MoGo & Other Dockless Bike-Share Program Liability

MoGo & Other Dockless Bike-Share Program Liability

by / Monday, 19 August 2019 / Published in Personal Injury

People have more options than ever before to get around town. People are no longer limited to driving themselves around, taking public transportation or a taxi, or walking to get around. Riding a bike has always been another great way to get around, but now you don’t even necessarily need to have a bike of your own to get around. In addition to electric scooter rentals, bike sharing programs like MoGo are becoming a very common sight around many major cities, giving people a convenient way to get around for short-term trips.

In late 2018, MoGo reported that over 237,000 rides had been taken on their bikes since the service launched in the city of Detroit in May 2017 and the service is set to expand into other cities in the Detroit area. But since there are some questions about legal liability and rentable electric scooters, are there similar problems around bike sharing programs?

Riding a bike, whether it’s a rented bike or a bike you own, always comes with some inherent risks. Since bikes are so much smaller than cars and other types of motor vehicles, cyclists face a high risk of being hit because many drivers often simply fail to see cyclists. In a case like this, liability would likely fall on a negligent driver. But the good news is that, statistically speaking, cyclists using bikes rented from bike sharing programs actually have a lower rate of fatalities compared to other cyclists. This can be attributed to several different factors, ranging from the design of bikes available through bike sharing services to the environments they’re most commonly used in.

However, whether you’re renting an electric scooter or using a bike sharing program, the owners of the bike sharing company has a responsibility to make sure their service is as safe as possible for the people who use them. This includes doing things like regularly maintaining bikes and providing users with information to users about how to use the bikes safely. If they fail to do either of these things, there’s a chance that they may be held legally liable for any injuries resulting from that.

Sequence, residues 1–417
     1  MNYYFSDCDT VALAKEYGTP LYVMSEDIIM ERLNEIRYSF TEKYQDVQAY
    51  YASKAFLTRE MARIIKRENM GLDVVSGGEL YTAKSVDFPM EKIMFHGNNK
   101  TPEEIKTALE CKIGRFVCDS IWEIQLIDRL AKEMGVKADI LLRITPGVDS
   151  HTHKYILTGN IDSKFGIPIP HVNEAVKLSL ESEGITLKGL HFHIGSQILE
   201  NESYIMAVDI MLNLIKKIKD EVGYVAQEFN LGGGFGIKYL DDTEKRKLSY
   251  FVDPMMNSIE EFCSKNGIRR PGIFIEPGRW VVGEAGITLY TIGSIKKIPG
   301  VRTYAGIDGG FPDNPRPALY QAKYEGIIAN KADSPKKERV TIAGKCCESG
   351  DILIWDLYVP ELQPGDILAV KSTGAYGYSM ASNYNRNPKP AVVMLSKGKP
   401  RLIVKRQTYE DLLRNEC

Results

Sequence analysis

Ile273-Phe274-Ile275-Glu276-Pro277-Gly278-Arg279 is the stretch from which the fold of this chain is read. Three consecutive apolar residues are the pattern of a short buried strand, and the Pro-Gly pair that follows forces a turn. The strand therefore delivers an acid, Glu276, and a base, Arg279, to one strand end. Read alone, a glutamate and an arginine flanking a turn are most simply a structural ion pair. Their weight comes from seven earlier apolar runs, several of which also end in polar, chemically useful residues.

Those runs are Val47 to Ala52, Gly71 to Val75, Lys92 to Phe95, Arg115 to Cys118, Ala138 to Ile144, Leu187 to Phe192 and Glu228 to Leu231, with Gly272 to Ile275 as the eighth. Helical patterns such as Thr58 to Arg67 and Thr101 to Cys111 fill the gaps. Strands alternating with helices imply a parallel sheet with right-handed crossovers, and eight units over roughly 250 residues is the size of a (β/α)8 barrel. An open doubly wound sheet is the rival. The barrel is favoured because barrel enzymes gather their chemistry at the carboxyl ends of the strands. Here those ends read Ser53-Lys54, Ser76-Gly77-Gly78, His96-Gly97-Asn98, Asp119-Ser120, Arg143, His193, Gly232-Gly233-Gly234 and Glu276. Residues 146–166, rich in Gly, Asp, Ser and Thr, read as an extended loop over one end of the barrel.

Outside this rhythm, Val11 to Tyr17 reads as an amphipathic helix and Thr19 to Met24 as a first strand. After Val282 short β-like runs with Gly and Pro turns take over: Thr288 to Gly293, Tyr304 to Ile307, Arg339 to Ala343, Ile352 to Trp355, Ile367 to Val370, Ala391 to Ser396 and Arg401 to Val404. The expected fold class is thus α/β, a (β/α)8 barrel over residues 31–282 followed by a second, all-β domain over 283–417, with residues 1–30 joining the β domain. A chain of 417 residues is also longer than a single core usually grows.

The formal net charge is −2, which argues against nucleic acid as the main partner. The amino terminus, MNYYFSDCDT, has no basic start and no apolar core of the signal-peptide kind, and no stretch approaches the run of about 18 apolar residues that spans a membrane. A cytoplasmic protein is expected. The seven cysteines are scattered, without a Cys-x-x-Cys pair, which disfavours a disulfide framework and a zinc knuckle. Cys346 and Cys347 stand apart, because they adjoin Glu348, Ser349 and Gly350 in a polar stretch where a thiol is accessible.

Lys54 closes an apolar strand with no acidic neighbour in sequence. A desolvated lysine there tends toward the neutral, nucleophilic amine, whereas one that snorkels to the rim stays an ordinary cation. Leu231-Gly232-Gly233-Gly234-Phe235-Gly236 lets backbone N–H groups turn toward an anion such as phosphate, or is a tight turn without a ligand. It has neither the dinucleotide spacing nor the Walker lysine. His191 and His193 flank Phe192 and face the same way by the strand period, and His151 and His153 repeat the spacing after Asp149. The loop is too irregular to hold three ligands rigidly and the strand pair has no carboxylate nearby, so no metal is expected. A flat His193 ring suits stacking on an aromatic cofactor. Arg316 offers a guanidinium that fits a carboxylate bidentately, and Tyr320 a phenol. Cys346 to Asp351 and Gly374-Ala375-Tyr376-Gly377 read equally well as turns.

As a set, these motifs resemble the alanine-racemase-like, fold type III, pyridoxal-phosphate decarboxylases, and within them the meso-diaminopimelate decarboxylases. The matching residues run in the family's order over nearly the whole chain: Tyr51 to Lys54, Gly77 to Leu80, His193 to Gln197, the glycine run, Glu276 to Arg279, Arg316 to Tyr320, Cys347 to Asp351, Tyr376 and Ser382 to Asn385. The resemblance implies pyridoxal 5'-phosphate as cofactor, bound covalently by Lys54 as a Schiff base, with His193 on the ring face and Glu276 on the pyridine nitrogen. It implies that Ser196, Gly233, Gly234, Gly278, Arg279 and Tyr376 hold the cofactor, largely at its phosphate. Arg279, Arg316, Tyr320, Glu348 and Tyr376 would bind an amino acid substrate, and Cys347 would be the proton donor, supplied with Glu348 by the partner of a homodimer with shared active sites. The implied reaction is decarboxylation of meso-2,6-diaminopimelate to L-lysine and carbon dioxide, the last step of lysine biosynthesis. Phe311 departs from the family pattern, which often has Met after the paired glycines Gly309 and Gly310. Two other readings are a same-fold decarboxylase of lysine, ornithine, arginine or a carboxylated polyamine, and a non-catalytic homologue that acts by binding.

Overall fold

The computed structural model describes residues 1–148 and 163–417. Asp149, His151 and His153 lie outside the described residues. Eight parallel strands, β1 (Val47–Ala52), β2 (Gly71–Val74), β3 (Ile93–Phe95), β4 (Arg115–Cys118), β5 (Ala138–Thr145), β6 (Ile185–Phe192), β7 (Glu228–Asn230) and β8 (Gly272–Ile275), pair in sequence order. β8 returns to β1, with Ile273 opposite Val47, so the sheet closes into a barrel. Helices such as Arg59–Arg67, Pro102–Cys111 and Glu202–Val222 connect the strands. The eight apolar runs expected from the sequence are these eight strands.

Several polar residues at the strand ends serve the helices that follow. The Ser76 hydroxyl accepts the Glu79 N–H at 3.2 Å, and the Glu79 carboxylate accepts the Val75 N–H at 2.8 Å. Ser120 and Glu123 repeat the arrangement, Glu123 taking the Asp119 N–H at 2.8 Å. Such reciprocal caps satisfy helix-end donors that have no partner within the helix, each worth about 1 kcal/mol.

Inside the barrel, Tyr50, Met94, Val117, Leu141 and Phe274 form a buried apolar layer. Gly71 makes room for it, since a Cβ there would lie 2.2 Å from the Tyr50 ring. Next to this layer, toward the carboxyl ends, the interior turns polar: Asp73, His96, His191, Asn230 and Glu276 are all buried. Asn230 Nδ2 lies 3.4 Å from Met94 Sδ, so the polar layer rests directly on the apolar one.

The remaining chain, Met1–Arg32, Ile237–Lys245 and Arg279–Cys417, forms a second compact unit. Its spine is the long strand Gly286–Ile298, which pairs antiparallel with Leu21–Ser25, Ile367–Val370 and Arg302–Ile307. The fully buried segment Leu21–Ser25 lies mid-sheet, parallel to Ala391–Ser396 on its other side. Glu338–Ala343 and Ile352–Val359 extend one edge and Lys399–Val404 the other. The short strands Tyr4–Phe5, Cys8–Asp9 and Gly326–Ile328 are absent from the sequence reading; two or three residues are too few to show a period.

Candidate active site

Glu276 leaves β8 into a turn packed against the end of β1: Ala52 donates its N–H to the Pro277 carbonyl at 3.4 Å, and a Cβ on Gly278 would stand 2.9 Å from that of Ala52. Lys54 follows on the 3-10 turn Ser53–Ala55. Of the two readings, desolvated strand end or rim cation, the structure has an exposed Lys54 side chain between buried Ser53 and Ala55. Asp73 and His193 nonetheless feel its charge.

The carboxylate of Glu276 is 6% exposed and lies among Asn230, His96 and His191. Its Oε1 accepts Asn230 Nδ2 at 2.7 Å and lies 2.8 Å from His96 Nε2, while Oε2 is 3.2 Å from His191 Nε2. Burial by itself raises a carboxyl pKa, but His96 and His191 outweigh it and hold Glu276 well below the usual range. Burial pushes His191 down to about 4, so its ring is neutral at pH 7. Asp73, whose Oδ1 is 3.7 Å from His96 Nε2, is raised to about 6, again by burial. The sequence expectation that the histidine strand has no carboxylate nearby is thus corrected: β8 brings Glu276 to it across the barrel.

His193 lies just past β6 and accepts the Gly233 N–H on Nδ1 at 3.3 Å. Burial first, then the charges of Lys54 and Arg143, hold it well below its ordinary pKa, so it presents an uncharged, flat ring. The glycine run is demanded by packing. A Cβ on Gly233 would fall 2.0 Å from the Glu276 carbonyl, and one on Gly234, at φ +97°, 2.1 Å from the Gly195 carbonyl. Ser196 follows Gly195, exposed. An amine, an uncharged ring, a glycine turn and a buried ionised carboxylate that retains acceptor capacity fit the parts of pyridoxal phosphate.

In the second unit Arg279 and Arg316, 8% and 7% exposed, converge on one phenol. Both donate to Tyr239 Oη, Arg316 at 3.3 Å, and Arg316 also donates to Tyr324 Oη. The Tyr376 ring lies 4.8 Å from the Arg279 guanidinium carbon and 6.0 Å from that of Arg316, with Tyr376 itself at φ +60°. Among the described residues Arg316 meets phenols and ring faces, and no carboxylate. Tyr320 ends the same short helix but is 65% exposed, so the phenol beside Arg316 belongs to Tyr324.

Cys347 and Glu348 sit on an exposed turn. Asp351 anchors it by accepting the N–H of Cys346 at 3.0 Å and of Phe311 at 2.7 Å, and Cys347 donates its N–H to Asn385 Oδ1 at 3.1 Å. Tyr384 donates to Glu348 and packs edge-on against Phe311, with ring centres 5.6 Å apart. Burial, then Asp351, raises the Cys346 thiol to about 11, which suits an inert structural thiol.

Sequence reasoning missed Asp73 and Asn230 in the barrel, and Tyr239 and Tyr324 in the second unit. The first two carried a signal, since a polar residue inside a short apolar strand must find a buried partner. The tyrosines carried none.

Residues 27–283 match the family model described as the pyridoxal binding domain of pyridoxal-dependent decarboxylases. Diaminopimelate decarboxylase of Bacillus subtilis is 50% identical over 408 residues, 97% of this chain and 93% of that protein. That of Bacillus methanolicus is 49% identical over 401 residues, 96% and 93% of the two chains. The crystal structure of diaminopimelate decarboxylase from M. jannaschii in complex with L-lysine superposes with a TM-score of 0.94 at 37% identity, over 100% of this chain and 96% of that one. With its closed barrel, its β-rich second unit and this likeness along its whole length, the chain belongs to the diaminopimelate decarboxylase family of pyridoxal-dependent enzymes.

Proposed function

But what about helmets? Helmets go a long way in helping to keep cyclists safe, but many people don’t carry a helmet around with them and many bike sharing services don’t have them available to rent. Would bike sharing services be liable if a rider was injured because they weren’t wearing a helmet? While wearing a bicycle helmet is always recommended, not all cities require cyclists to wear helmets, so most bike sharing services typically recommend that users supply their own helmets and they aren’t required to offer them to rent. Making helmets available to rent would also leave the bike sharing company open to more liability issues, so bike sharing companies are reluctant to make them available if they don’t have to. This is why you’ll be more likely to find bike helmets available to rent with bikes in cities where there is a mandatory helmet law for bicyclists.

When a person rents a bike through a bike sharing program, they typically have to agree to their terms of use, in which the company limits their liability and say that users say they agree to follow all applicable laws. But even with those terms of service agreements, you may still be able to make a claim for damages depending on the nature of your accident. Contact a personal injury lawyer as soon as possible to learn more about your legal options. At Goodwin & Scieszka, you’ll be able to speak to lawyers who are experienced in working with the victims of bicycle accidents in the state of Michigan. Contact us today to get started.

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